Plans for a Victorian in the New Year

 

So, it’s the new year.  A new decade, okay not technically a new decade, but it still begs the question:  what is a half-luddite, Victorian-obsessed gal doing in the year 2010?   Since I have lots of other things to do today, I won’t even attempt to try to answer that.

Regarding the new year, I’ve never been one for resolutions.   Kelly over at Mysterious Musings recently wrote about concentrating on progress rather than goals.   That is something I strongly agree with, as too many people who make firm goals tend to criticize themselves too harshly at the end of the year if they weren’t able to achieve said goal, rather than looking at how far they may have come.  This does not mean that I think having goals is a bad thing.  Certainly not.   Just don’t beat yourself up if you didn’t accomplish the goal in its entirety.   If you strove and made progress, that counts for a lot.

 So I’ve simply been musing on things I want to work on.  It comes down to continuing growing as a writer, and improving my German.

So, the plan is:

1. continue  daily writing on my WIP

2. Along with my normal studies, read twelve novels in German to increase my reading comprehension.  I’ll be making a page highlighting which books I’m reading in that language.   Surely of little interest to anyone else, but it will be there if you do happen to be curious, or well, just bored or procrastinating.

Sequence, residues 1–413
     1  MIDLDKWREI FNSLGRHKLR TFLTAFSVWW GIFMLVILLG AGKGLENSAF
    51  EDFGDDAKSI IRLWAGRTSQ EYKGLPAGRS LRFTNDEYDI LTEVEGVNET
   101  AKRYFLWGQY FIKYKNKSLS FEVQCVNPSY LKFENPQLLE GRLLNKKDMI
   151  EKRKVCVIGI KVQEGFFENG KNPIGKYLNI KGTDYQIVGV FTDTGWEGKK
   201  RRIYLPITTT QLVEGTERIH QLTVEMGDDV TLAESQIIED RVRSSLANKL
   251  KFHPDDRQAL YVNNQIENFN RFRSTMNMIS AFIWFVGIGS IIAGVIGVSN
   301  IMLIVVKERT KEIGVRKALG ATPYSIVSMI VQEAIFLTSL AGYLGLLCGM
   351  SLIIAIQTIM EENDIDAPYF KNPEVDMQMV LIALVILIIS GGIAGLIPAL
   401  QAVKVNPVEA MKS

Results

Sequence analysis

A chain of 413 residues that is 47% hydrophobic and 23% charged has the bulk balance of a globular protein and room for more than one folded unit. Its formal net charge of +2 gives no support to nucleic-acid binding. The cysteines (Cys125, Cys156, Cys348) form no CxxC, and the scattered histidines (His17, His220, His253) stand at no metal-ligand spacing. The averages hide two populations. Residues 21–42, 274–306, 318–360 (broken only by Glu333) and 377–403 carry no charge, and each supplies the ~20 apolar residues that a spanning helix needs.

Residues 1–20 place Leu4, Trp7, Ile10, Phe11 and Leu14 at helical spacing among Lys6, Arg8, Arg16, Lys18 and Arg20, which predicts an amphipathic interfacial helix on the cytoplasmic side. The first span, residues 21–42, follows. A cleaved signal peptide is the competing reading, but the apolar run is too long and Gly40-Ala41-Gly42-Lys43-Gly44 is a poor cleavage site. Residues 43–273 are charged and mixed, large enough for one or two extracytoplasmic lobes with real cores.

There it is.  Nothing fancy.  Really nothing I’m not already doing.  (except increasing the quantity of my German reading).   But it’s all about continued progress, learning, and growth.

And, lest I  forget:

3. Find Sput a hobby so she gets over this rather peculiar obsession with regaling me non-stop about the wonders of her city.  (not that it bothers me, I just worry about the poor dear)

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Published in: on January 4, 2010 at 8:23 pm  Comments (19)  
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  1. Goals, resolutions, progress: aim for those things that push you farther and build up your life.

  2. Indeed, Ralfast!

    Much luck to you on making progress and reaching your goals. 🙂

  3. I gave up on making resolutions, I generally forget them within half an hour 😉

    That’s a great idea for improving your German. My German skills were never good to begin with, I’d have to start over with children’s books! But I’ll be interested to see what you’re reading.

  4. Hey DD,

    How long did you study German? It is hard, no doubt!